I read the headline: “Philip Seymour Hoffman, Oscar-Winning Actor, Dead at 46.” 

“What?!” I said. I read that he had overdosed on heroine, then I cursed.

People aren’t calling him this generation’s greatest actor out of pity for his early death. My brother-in-law and I have loved every movie he’s in, because of him. He was probably the most well-known supporting actor of our time.

As one Fox News contributor rightly put it: “He brought his A-game to the table every single time.”

No better person could be chosen to play one of the key roles in The Hunger Games movies.

But now he’s dead, with the greatest achievements in his career ahead of him, and a rapidly growing fan base left stunned.

Yesterday was filled with all sorts of upsets, huh?

Like Peyton Manning.

The Broncos.

The subpar Super Bowl commercials (except this one.)

I was expecting a lot more from Mr. Hoffman, and I mourn his death selfishly.

We were all expecting much more from Peyton and his team.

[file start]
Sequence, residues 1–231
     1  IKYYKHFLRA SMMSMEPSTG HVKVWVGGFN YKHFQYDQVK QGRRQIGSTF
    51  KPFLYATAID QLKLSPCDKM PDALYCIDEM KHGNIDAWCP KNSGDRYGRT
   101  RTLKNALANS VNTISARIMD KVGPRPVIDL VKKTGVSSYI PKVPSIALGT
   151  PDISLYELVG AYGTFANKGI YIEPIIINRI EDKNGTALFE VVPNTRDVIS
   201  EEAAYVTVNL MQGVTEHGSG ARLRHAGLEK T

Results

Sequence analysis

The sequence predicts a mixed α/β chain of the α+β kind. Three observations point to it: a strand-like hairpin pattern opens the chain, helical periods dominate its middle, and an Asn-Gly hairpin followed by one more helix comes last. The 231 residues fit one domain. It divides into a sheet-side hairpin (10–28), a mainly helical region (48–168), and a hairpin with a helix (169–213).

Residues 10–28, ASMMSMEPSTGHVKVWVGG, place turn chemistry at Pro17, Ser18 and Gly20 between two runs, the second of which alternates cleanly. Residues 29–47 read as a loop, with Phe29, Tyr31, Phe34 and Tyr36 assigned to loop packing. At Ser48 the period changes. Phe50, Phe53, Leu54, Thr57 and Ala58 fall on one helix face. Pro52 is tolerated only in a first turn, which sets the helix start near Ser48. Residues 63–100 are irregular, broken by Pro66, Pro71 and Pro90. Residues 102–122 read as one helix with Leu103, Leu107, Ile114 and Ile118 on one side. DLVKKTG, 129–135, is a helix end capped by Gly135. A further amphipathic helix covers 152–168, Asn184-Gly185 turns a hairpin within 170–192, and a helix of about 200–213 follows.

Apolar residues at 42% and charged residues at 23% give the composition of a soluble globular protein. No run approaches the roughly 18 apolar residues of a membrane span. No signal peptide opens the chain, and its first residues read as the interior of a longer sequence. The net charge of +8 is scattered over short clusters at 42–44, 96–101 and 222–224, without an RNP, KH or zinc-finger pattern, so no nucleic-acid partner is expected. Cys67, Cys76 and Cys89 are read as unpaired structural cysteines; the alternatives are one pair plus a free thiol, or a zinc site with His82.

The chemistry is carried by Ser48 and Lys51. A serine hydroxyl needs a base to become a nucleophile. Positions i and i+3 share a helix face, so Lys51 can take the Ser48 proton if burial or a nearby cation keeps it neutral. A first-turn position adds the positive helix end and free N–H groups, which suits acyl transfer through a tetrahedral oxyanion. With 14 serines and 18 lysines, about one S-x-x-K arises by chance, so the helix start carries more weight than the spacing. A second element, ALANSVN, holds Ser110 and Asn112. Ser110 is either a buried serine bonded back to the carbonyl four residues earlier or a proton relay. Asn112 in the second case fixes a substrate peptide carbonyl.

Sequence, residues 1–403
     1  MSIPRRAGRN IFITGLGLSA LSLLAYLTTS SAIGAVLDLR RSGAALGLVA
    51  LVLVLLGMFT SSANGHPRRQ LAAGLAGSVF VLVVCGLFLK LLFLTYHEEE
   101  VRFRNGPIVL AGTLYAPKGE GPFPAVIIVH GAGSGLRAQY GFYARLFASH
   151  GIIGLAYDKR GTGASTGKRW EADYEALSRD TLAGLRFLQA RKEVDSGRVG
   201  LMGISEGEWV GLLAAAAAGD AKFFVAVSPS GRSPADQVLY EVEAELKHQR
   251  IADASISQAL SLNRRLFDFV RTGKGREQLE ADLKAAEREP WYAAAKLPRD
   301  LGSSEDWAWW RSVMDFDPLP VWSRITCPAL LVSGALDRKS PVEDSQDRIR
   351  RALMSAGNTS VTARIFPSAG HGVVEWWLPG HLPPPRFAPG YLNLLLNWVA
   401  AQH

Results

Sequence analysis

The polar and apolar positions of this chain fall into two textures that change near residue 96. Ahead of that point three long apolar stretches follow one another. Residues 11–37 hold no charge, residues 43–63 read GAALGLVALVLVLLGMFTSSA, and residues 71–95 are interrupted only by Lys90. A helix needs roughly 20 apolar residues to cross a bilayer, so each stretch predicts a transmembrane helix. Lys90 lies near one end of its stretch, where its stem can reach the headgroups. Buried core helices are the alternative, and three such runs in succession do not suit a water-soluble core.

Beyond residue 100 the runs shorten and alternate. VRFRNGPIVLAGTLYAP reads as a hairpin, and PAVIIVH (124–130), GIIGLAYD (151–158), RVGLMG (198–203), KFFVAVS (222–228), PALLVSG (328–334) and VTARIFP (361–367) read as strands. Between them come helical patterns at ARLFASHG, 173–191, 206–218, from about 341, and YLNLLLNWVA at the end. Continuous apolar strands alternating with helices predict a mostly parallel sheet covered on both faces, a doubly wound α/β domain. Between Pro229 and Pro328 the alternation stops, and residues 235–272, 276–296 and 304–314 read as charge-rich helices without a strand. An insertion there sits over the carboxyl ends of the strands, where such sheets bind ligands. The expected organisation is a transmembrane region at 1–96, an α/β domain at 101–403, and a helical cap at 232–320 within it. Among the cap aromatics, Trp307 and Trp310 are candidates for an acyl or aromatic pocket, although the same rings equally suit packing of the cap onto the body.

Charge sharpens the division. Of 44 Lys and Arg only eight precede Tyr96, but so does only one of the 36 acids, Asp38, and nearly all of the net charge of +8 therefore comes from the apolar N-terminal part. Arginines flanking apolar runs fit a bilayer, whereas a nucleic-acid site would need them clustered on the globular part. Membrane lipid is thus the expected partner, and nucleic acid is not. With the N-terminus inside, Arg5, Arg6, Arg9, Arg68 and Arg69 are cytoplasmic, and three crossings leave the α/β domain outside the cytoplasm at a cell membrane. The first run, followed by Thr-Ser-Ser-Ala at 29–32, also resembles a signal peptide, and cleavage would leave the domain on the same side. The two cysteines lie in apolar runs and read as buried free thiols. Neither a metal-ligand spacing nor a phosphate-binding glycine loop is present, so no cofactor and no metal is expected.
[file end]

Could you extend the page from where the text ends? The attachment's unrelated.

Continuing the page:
And often, I feel like Jesus is a big disappointment too, but that’s where it’s not true.

Jesus isn’t going to overdose on heroine at the hight of his reign.

His throws aren’t going to be intercepted time after time after time.

The only reason He disappoints me is if He doesn’t go in the direction I want Him to go, or if He doesn’t work as fast enough as I’d like for Him to.

And I’ll likely be more prone to be disappointed in Him if I put too much faith and hope in the flawed people around me.

Why is that?

Because then I’m elevating them to God’s status.

In a way, Cars 2 was a blessing, because it showed me that the Pixar people aren’t perfect.

Broken promises from our presidents ought to be reminders to us that they’re not our saviors, and they, in fact, cannot fix everything.

And even the greatest actors in Hollywood have their weaknesses.

But not Jesus. We may have led ourselves into disappointing situations, or He may have allowed disappointing things to happen to us, but no disappointment will ever come directly from His hand.

And He Himself will never disappoint.

At least, that’s what I’m trying to learn for myself, anyway.

It just takes some trust and belief.

Unmet Plans

clock

I just turned 30 this year, and it was a difficult milestone, as I’m not yet the self-made millionaire I was supposed to be by this time.